Even in great cities we tend to sort ourselves out by tribe: the Italians in Little Italy or North End, the Chinese in Chinatown, the Germans in Germantown, the gays in the South End, the Irish in Southie, the Brahmins on Beacon Hill, etc.

We are hard wired for tribalism. It is deep inside us. It is primitive, instinctive.

What’s more, this hard-wired instinctive comfort with our own kind (and discomfort or less comfort with strangeness) can lead to a phenomenon called “othering”.

The more I “other” another group (e.g. immigrants, Muslims, refugees, Catholics) the easier it becomes for me to regard the members of that group as less than human … not quite human

In the wrong hands, the phenomenon of “othering” can lead and can enable Colonialism, Imperialism, slavery, genocide. Such othering enabled lynching and witch trials, enabled the Crusades, the Holocaust, the slaughter of Tutsis in Rwanda, the massacre of American Indians in this land.

It is over against this instinctive, hard-wired wariness of the other that Jesus introduces something entirely different, something counter-instinctive. He introduces an ethic, a morality that insists that in the eyes of God, there is no “other”. In the eyes of God—the eyes through which we are asked to look out upon the world—there is only family, only kith and kin.

Jesus insists that we are all kith and kin. That’s what got him into trouble. That’s what led to his outburst in the Luke 12.

Jesus plays with fire by proclaiming that in the kingdom of God enslaved persons are equal to their masters; that women are equal to men; that the occupied Palestinians are equal to the occupying Romans.

In addition, Jesus invites his followers to border-cross where no one had crossed before. As a Jew he crosses into the territory of the Samaritans. As a male he converses in public with a woman he does not know. As a rabbi in an ancient, patriarchal society he welcomes women as his disciples. As a guest in a prominent, reputable house Jesus is followed in by a woman of ill repute, whom he embraces.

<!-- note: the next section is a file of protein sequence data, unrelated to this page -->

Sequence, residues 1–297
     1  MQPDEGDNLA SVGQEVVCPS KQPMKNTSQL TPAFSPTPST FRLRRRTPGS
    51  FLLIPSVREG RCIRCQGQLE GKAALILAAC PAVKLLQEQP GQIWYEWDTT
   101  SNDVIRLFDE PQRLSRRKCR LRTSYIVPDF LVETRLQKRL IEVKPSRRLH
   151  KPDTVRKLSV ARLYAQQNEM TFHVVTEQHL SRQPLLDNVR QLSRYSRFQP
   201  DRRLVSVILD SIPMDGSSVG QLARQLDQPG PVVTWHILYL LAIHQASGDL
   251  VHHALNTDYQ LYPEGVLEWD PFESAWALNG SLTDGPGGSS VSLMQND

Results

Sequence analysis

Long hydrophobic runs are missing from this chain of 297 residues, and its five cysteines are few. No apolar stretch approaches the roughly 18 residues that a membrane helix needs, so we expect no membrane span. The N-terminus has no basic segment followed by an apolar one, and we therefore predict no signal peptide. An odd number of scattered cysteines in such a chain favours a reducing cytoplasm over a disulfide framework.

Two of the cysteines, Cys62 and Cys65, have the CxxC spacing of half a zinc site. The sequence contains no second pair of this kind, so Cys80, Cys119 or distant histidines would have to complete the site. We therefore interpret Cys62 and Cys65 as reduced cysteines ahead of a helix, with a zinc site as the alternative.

Jesus introduces an ethic that is, literally, counter-instinctive. As such, it is disruptive, intrusive, unsettling. Unsurprisingly, it is met with resistance.

Why resistance? It turns out, ancient men rather liked lording it over women, and the occupying Romans rather liked lording it over the occupied peasants of Palestine, while the so-called masters rather enjoyed thinking of themselves as of a higher order human being than those they enslaved … because, if they didn’t, if they ever came to think of “their” enslaved person as an equal, the whole institution would have fallen to pieces … would have become instantly unsustainable, intolerable, ungodly.

We are hard-wired to empathize more strongly with our own kith and kin. Which means this: we are also hard-wired for bias.

Jesus challenges us to resist our own primitive, hard-wiring. In a phrase introduced by our Church Moderator, Deb Washington, Jesus inspires us to be rising Christians, to claim a moral ground that us above and beyond base instinct.